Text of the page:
Alright, so I had to read Doll House after I read The Tracker (Review here). Very quickly here’s the gist – Olivia gets abducted within hours of her moving into her college dorm. After five years, her father gets a phone call and he hears his little girl’s voice on the other side. And so the story unfolds.
Olivia was raised by a single parent. Her father, Harry, has been the best parent he could be. He does have mixed feelings about his only child leaving the nest. He helps Olivia pack up and go to college. He helps her settle into her dorm and leaves Olivia to her new life. After unpacking, Olivia ventures out and on the way is abducted. A man wearing a gorilla mask grabs her into a van while another drives. The destination is a house and in its basement the room where she will spend the next five years of her life. After Olivia goes missing, her father slowly becomes alcoholic. And it is in one of his alcohol-induced quite times that she calls him for help.
Olivia, after being abducted, is dumped into a room decorated in pink. Everything, everywhere is pink. As the Gorilla begins his attempt to rape her, she resists and gets a toe cut off with garden shears. This book, Doll House, is really not for the faint-hearted. There’s rape, mutilation and cannibalism and a hint of necrophilia. Through the five years, she loses a lot. Including some of her fingers, toes and an ear. She is abused and raped repeatedly by the Gorilla, while the Jackal stands by and watches. Later after the Gorilla is done, the Jackal cleans her up. He even paints her toenails and braids her hair.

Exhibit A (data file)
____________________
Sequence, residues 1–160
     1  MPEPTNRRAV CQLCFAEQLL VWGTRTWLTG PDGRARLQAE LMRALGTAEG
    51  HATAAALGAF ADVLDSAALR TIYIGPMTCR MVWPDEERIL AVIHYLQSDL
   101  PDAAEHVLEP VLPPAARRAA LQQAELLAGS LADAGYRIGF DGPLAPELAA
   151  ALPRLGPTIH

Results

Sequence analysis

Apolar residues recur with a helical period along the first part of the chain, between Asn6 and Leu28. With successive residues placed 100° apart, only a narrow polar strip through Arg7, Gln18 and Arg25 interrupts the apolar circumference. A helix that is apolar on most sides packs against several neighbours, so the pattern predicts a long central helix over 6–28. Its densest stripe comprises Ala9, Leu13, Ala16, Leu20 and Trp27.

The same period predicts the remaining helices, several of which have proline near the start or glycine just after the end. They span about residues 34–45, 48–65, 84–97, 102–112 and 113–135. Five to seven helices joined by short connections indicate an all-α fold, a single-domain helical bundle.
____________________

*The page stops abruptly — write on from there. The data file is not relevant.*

Once the Gorilla comes by alone. Olivia musters up the strength and kills him. As she climbs out of her pink prison, she also releases two other girls from similar prisons. Returning to normal life is difficult for the three girls. And for a man used to having these girls at his disposal, the Jackal is desperate to have them back. Especially Olivia who was his favourite. The book then follows the desperation and trials of all the characters – that of the girls as the fit into normal life, the family’s as they have their loved ones back, the cops as they try to find the Jackal, and the Jackal’s as he tries to get the girls back in their cells. The ending reveals who the Jackal is and it was a surprise indeed. But somehow I felt the end was a bit lacklustre when compared to the other portions of the book. It felt too hurried and abrupt.
This book was a very quick read, took me only a few hours from start to finish. It was an easy read and unputdownable. Of course, there may be those who have second thoughts about the content, it does have a few triggers after all. And if you are squeamish, choose wisely. I did not find this too grotesque and the thrill of reading was more. I must say that John Hunt is doing a good job with this genre. I look forward to more of his work.
You can find a copy of Doll House here – Amazon, Barnes & Noble, Blackrose
Doll House by John Hunt
My rating: 4 of 5 stars